Organizations that support people experiencing homelessness had criticized the Lincoln Memorial Park cleanup. Mayor Michael Hancock, meanwhile, has expressed frustration about the presence of protesters at such operations.
Chris Conner, homelessness resolution director with Denver’s housing department, joined in the outreach at Morey on Monday. Conner said security concerns had complicated outreach at Lincoln Memorial Park.
Derek Woodbury, spokesman for the city’s housing department, said in recent weeks 19 people who had been camping at Morey were placed into hotel rooms that the city and its partners have secured for people experiencing homelessness who are affected by the pandemic. In addition, Woodbury said, outreach workers were able to reunite five people with relatives and one person was moved into an apartment from Morey.
Public health experts say breaking up encampments during a pandemic can make it hard for people experiencing homelessness to stay connected to services and could make it hard to control the spread of COVID-19. Denver officials say they have to weigh a variety of health concerns, including outbreaks of other diseases such as hepatitis A.
Woodbury said outreach to people on the streets would continue.
“Sustained relationships that lead to housing are a priority,” Woodbury said. “Outreach workers are intentional to maintain connection through all the challenges of street homelessness.”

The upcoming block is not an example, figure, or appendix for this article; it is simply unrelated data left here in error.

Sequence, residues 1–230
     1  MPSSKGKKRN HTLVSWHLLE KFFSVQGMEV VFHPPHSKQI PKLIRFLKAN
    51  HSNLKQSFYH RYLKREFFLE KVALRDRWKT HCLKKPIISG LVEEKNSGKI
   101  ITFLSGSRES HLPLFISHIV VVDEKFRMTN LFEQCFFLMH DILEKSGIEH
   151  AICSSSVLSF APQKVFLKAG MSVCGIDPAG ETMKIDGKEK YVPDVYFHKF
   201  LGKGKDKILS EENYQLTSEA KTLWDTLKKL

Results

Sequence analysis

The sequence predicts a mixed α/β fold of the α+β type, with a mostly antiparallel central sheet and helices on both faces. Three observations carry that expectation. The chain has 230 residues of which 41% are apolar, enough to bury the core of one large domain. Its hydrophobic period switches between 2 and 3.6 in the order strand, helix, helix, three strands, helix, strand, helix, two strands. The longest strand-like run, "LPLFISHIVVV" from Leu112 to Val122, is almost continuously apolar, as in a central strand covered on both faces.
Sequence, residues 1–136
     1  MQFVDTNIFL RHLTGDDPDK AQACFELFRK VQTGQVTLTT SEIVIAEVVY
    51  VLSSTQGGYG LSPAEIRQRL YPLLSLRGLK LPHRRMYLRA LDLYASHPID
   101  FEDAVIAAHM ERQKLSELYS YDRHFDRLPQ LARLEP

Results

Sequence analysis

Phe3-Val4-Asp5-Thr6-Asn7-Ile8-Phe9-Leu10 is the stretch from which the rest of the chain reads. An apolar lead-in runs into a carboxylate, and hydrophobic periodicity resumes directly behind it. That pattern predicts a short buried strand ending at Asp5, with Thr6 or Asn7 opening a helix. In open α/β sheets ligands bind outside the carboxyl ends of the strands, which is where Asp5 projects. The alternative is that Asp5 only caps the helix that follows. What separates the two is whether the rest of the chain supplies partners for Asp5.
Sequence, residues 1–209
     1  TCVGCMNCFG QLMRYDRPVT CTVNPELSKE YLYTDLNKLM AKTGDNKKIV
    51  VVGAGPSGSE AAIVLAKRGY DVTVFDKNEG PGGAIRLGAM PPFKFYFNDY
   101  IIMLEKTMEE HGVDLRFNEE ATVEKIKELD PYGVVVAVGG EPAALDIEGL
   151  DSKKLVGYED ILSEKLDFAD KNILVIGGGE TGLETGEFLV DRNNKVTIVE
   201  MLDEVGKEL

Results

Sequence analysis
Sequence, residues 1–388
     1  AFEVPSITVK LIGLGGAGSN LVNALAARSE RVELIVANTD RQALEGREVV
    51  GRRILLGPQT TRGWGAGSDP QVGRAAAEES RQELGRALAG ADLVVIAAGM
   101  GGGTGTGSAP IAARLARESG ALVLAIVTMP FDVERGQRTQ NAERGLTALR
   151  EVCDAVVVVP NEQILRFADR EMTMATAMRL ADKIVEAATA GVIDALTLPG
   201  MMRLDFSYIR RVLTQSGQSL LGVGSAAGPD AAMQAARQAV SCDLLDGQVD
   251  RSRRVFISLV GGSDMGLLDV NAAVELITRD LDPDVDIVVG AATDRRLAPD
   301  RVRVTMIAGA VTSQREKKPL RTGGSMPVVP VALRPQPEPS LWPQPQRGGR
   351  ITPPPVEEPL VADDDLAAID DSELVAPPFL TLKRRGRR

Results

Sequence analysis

Many people moved from the sidewalks around Morey to sidewalks elsewhere.
Tuesday, Antoinette Medina asked workers to take her belongings to a free storage site set up by the city. She said she wanted to keep her things safe. To keep herself safe, she said, she would “stay up all night walking around until the daylight shows up.”
Medina said shelters were too crowded and she worried about falling ill in one. She said mental health struggles had contributed to her difficulty finding stable housing for years. She has been on a wait list for housing since September.
About 30 people were camping at the site when Wednesday’s cleanup began. At one point, more than 100 people were living there.
A few hours after the cleanup began, Marcio Johnson stood behind a line of yellow police tape as he packed bicycle parts into a cart.
“As soon as the sun cracked, they were here,” Johnson said of the city crews. “They told us that they were here to help.”
Johnson said that outreach workers from the Denver Dream Center, which helps men who have been incarcerated reintegrate into communities, had visited him last week at Morey. He said that he was considering setting up camp near the nonprofit’s offices in Sunnyside. He has been collecting parts he finds to build bikes, a skill he said he could use to help others at Denver Dream Center.
“Some of those guys would need bikes and transportation,” Johnson said, saying he has been giving away and selling his bikes.
The 41-year-old Johnson said he had been living outside Morey, where he was once a student, for a month. He has been without a home since 2017.
A home would be “nice and all. A place to stay, a place to live. Safety and security,” Johnson said. Then, tearing up, he said he put finding a way to help people ahead of finding a home.